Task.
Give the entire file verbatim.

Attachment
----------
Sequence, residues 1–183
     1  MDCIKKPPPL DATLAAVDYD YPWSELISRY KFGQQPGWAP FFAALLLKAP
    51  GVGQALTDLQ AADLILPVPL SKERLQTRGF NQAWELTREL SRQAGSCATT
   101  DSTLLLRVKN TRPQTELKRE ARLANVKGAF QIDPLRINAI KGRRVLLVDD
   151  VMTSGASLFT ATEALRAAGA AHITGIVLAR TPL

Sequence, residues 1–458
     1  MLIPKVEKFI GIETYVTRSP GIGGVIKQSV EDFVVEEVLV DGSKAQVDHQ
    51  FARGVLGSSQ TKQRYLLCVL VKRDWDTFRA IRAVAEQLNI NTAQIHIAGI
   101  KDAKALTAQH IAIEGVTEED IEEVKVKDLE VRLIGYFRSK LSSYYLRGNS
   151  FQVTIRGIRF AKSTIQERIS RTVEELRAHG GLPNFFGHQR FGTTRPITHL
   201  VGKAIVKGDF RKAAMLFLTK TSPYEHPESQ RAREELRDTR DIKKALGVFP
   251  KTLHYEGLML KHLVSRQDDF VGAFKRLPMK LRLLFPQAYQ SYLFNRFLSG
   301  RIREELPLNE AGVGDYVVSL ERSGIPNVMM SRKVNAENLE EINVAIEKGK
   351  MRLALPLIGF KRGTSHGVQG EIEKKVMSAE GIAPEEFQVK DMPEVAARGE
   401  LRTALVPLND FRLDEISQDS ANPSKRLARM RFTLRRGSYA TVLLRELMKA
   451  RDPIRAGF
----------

Sequence, residues 1–183
     1  MDCIKKPPPL DATLAAVDYD YPWSELISRY KFGQQPGWAP FFAALLLKAP
    51  GVGQALTDLQ AADLILPVPL SKERLQTRGF NQAWELTREL SRQAGSCATT
   101  DSTLLLRVKN TRPQTELKRE ARLANVKGAF QIDPLRINAI KGRRVLLVDD
   151  VMTSGASLFT ATEALRAAGA AHITGIVLAR TPL

Sequence, residues 1–458
     1  MLIPKVEKFI GIETYVTRSP GIGGVIKQSV EDFVVEEVLV DGSKAQVDHQ
    51  FARGVLGSSQ TKQRYLLCVL VKRDWDTFRA IRAVAEQLNI NTAQIHIAGI
   101  KDAKALTAQH IAIEGVTEED IEEVKVKDLE VRLIGYFRSK LSSYYLRGNS
   151  FQVTIRGIRF AKSTIQERIS RTVEELRAHG GLPNFFGHQR FGTTRPITHL
   201  VGKAIVKGDF RKAAMLFLTK TSPYEHPESQ RAREELRDTR DIKKALGVFP
   251  KTLHYEGLML KHLVSRQDDF VGAFKRLPMK LRLLFPQAYQ SYLFNRFLSG
   301  RIREELPLNE AGVGDYVVSL ERSGIPNVMM SRKVNAENLE EINVAIEKGK
   351  MRLALPLIGF KRGTSHGVQG EIEKKVMSAE GIAPEEFQVK DMPEVAARGE
   401  LRTALVPLND FRLDEISQDS ANPSKRLARM RFTLRRGSYA TVLLRELMKA
   451  RDPIRAGF